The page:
Dickens’ “it was the best of times and the worst of times” is often quoted, but the deeper meaning forgotten, especially in today’s rough and tumble world of politics. We tend to be nostalgic and rekindle some kind of forgotten magic that has long passed. The old timers share war stories and say how great things used to be with our contemporary history books painting the mystical tale of successful periods in our history. There is no way these founding fathers could have imagined that we would still be around as a nation or the many changes.

As an American, the year 1776 has been ingrained as the year our nation embarked on this democratic experience that has sustained for over two hundred years.  The battles, Paul Revere’s ride, Jefferson penning he Declaration of Independence and the Boston Tea Party.  Were these pinnacle events that occurred in 1776 or was the mark further back?

Author Kevin Phillips has been on the political scene for over a half century and written extensively about some of the major political realignments. Like most in the field, he had grown disillusioned with the politics. In his new book, 1775: A Good Year for Revolution he steps back to our nation’s early days about the emerging republican (small-r) majority or plurality.

Phillips makes a convincing case that 1776 is not the most important year to remember in our history, but that it was actually 1775 when major events moved in favor of the revolutionaries. He documents and tells in vivid detail events and observations that pointed to his case.  Here are some of the points I found interesting in the book 1775.

Out of the colonies only a few, Connecticut, South Carolina, Virginia, and Massachusetts made up the vanguard of the Revolution, contributing two thirds or even three quarters of its momentum and leadership. These four had most of the wealth and population and held old charters so they had a history behind them.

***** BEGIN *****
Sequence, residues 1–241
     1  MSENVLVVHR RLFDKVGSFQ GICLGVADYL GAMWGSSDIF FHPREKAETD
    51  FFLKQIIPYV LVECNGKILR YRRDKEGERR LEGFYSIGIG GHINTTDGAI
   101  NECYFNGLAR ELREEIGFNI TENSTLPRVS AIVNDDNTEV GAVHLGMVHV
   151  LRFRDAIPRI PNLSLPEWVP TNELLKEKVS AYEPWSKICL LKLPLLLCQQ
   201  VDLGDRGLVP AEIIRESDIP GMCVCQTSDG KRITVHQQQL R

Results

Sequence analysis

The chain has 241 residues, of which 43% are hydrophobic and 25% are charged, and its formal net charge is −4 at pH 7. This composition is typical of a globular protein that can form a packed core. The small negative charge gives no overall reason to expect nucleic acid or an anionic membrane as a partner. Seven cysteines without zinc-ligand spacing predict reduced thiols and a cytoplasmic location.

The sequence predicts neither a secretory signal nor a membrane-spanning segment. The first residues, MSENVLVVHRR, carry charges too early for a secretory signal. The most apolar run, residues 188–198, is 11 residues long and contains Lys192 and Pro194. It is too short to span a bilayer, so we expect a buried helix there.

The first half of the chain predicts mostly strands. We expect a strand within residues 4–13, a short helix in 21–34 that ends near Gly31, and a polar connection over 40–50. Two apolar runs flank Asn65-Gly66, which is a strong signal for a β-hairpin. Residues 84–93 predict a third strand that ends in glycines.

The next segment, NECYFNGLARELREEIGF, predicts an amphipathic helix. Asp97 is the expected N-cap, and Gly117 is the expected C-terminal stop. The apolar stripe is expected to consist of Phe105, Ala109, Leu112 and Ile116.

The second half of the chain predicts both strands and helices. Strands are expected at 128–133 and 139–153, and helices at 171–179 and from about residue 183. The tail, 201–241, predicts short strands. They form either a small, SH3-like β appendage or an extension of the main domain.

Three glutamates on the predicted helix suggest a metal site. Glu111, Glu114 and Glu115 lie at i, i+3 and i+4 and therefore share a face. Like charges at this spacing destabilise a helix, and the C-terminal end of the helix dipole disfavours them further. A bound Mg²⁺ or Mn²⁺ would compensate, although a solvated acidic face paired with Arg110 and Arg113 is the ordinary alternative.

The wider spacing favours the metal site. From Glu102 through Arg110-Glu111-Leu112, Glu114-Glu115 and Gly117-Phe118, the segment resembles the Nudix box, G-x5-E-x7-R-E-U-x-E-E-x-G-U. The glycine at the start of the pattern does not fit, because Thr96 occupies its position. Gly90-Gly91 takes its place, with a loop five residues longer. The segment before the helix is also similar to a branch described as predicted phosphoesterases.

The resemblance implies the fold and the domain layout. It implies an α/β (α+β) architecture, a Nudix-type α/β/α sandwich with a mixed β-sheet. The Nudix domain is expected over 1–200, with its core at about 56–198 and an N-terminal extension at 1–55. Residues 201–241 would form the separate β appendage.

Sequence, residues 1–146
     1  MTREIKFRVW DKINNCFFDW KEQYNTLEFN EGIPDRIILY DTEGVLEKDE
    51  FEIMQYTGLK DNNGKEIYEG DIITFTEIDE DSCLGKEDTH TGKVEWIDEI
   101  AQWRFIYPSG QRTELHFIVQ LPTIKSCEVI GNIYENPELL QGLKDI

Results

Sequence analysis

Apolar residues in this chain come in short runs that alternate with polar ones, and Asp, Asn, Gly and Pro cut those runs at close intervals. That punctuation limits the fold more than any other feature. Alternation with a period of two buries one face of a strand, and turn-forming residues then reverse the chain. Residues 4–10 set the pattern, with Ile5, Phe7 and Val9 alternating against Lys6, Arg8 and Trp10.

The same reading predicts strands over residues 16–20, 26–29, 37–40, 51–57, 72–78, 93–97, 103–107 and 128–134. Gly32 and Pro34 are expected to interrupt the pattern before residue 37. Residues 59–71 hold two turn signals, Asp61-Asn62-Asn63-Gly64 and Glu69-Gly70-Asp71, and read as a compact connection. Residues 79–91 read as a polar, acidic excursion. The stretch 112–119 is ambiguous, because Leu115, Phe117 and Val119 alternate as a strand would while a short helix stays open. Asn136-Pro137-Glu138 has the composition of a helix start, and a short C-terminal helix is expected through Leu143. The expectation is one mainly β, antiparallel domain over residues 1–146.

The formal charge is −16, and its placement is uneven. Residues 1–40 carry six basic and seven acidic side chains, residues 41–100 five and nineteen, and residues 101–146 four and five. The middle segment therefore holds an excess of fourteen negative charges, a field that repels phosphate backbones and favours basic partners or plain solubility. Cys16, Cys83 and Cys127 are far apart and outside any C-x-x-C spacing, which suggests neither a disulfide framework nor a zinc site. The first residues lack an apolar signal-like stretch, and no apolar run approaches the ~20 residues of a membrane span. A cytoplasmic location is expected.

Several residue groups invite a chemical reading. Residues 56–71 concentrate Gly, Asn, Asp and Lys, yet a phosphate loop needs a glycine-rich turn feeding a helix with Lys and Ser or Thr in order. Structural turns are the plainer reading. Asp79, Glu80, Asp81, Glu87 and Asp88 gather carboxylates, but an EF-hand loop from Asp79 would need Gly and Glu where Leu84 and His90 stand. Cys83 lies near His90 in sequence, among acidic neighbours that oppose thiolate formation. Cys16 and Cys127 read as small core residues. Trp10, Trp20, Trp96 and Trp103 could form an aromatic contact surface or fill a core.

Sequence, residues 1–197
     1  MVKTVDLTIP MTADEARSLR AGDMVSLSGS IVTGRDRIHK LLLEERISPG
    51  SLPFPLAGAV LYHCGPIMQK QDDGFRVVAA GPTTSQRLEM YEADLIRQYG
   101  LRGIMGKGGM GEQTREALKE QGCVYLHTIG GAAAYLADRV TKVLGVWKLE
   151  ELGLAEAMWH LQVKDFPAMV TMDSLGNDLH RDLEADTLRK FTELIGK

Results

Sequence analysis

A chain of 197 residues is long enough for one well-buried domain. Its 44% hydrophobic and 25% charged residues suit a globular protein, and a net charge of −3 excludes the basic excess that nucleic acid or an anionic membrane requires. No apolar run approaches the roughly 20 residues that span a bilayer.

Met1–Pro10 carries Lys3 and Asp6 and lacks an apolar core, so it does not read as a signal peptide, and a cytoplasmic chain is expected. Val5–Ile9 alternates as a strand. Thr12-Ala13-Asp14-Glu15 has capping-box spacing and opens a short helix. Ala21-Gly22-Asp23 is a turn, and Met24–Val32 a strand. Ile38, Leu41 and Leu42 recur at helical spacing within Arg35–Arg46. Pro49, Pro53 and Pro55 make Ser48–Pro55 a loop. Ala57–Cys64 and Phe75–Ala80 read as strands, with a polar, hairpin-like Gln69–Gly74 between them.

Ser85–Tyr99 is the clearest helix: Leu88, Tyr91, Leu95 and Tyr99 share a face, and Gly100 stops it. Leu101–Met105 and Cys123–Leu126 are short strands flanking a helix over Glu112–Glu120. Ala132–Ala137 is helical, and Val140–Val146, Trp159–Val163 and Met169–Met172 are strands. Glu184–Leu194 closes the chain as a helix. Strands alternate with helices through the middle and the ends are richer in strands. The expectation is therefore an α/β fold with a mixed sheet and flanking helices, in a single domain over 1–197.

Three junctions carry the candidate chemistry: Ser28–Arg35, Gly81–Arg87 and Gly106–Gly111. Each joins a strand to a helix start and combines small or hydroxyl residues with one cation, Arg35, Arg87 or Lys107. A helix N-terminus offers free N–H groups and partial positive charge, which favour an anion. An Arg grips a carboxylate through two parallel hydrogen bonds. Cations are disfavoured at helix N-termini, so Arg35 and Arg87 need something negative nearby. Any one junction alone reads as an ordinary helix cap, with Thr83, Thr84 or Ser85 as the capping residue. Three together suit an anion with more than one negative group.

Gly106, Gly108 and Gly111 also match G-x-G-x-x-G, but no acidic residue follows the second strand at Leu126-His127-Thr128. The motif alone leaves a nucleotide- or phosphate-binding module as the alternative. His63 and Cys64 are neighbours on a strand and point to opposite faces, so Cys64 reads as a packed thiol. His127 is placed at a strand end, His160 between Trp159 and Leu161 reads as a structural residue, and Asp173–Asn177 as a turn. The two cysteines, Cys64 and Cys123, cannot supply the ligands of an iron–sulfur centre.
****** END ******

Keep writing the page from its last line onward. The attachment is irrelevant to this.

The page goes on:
Communications was a problem and the British did not get word of some of the changes in the colonies.  Then the British had bad maps of the coast line or really understand the geography.

Phillips notes the large make up of slaves and indentured servants in the new territories. The diversity of the national ideals moved away from the political and constitutional class with Britain and a push for economic self-determination.

One poignant issue then that we face today is money.  At first the lack of a common currency created problems then after independence inflation and a pumping up with more money printed from $5 million by the end of 1775 to $15 million by mid-1776.

Overall, what I enjoyed about the book is that it reframes some our basic assumptions into a realistic portrait that no matter how much we glamorize the early days, they had a lot more problems that we had today. If the successes of 1775 did not happen, we either would be speaking with a British accent or have taken shape into a mini-European model of small states.

This book is an eye opening look into one perspective of the history of the United States.  It is a detailed history lesson that makes will make you appreciate 1775. I learned a lot of new facts and it was nice to venture back to those days that are often taken for granted.  Everyone needs a good history lesson now and then.

Book Facts:

1775: A Good Year for Revolution

By Kevin Phillips

2012 Viking 628 pp

ISBN: 978-0-670-02512-1


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